Two shows open at DOX

Glass art by young artists and reflections on Ukraine will run to Nov. 20

Two very different exhibitions have just opened at the DOX Centre for Contemporary Art. The Stanislav Libenský Award presents new works by young international artists working in the field of glass, a medium that the Czech Republic is particularly known for. The second is Reconstruction of Memory, made by artists who had to flee Ukraine due to the political situation in the eastern parts of the county and Crimea. Both shows run to Nov. 20.

The exhibition for the Stanislav Libenský Award presents 30 works from nine countries in a large variety of styles.

The Stanislav Libenský Award, in its ninth year, is named for a Czech glass artist and teacher who died in 2002 and whose works, often made with Jaroslava Brychtová, are in international museum collections. The award is given to an art school student who made a final project in glass.

A jury picked three winners out and gave one special prize. The first prize went to Czech artist Martin Opl, a graduate of the University of Jan Evangelista Purkyně in Ústí nad Labem. His installation Visible and Invisible uses polarized light and was chosen for its work with space, artificial light, and reflection. The first prize includes a three-week stay for the winner at the Pilchuck Glass School in the US.

Second place went to British artist George William Bell, a graduate from the Royal Danish Academy of Fine Arts in Copenhagen. His work Samples of Abstraction was chosen due to its technical qualities and workmanship. The second prize includes a work term at the Ajeto glassworks in Nový Bor and Lindava in the Czech Republic.

Third place went to Slovak artist Patricia Šichmanová, a graduate of the Academy of Fine Arts and Design in Bratislava. Her work Liquidity (2017) focuses on the movement of water and its light-related properties. The third prize includes a visit to the AGC Technovation Center in Charleroi, Belgium.

The special prize, which involves an intensive two-week course in the studios of the Corning Museum of Glass in the US, went to Chinese artist Jinya Zhao for her work Foggy.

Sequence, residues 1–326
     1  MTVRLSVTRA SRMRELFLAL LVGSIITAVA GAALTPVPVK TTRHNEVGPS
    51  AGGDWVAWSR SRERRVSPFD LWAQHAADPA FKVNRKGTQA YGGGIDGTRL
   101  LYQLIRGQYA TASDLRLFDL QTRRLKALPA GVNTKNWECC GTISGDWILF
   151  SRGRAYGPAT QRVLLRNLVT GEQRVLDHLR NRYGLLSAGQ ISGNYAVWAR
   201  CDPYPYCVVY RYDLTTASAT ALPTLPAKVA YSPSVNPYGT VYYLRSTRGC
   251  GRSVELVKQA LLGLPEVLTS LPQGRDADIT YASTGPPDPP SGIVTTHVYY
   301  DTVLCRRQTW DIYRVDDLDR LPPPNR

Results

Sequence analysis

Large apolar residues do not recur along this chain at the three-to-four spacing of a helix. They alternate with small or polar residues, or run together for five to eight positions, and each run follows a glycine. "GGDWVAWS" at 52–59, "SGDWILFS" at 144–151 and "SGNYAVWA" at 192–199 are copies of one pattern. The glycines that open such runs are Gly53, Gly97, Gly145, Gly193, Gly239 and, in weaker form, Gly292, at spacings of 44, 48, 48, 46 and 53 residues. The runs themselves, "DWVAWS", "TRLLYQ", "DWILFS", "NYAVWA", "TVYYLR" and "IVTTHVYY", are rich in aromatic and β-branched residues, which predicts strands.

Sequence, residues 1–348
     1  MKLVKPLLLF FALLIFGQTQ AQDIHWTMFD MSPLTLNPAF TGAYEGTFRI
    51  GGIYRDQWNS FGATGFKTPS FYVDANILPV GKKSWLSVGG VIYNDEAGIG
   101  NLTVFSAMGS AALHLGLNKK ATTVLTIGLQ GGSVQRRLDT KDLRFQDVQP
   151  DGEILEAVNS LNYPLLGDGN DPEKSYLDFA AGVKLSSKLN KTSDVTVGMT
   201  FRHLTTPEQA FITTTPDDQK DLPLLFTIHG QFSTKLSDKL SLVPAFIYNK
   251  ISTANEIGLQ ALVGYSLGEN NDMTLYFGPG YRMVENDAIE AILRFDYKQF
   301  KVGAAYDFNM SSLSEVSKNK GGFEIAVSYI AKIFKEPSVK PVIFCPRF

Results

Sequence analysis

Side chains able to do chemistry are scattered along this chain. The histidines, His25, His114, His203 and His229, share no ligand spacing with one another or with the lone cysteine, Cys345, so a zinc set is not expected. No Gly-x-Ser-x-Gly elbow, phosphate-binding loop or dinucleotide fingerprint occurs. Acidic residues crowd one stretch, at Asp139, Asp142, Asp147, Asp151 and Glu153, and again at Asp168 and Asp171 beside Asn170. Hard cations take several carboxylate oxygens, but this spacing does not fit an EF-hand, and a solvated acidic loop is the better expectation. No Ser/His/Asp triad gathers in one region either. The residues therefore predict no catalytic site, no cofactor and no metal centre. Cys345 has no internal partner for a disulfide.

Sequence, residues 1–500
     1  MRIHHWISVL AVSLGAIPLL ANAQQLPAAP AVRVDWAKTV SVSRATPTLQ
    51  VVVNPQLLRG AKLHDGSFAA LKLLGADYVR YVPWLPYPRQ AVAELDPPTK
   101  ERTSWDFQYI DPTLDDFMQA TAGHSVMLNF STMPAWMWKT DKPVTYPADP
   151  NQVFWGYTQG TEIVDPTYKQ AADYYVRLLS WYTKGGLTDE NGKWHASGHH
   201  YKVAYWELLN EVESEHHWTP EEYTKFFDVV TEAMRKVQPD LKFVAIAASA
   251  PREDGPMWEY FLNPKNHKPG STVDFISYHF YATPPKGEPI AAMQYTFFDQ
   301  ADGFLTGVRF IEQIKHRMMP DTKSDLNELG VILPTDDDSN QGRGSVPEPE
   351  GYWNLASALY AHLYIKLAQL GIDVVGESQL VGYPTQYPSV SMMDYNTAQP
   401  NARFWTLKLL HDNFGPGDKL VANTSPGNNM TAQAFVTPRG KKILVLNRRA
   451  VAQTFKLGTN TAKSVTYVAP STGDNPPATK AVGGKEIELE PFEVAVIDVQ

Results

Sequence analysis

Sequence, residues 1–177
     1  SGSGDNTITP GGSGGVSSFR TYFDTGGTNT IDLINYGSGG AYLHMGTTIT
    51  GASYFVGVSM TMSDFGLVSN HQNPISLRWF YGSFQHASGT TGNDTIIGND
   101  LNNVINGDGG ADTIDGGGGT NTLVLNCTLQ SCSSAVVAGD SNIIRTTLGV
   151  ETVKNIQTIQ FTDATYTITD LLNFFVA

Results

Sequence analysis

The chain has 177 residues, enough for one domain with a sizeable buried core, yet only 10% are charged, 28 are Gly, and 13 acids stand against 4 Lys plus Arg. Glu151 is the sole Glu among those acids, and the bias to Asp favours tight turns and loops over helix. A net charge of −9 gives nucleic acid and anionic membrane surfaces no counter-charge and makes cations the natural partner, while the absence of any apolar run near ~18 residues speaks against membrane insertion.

Other notable pieces includes Sons of the Chinese Dragon by Guang Wen Weng, which combined glass with 3D printing to show five dragons on the palms of hands. American artist Dylan Martinez made an optical illusion called SiO2 / H2O. It seems to be bags filled with water but is glass with an air pocket. Japanese artist Ahaya Fujiwara made glass pieces based on origami called Re-form.

On a more serious note is Reconstruction of Memory. The Russian occupation of Crimea and the military invasion into eastern Ukraine forced 2 million people to flee, leaving behind family photos, heirlooms and other trinkets that marked people's progress in time.

“They are of no use for settling down in a new place. They would not make your new life better. For many years, we’ve been stockpiling those silent witnesses of our existence only to abandon them at a critical moment, thus depriving ourselves of material memories,” the curators said.

One piece uses photos from a flea market to try to re-create those that were left behind. Another used found photos as a basis for a scroll that was traced. This a third made plastic lenticular photos to combine snapshots with blurred images, so the photo seems to change to a hazy memories as the viewer walks by. Social media provided photos of a fourth project, showing various aspects of the town that the artist had to abandon.

Beach pebbles were donated by refugees for a piece called Beach, which creates a small corner of the lost seaside. Another small corner tries to create a typical room with a view out of a window onto a projected street.

This exhibition has been shown twice before and has been expanded and changed each time. It was originally shown in Kyiv in 2016.

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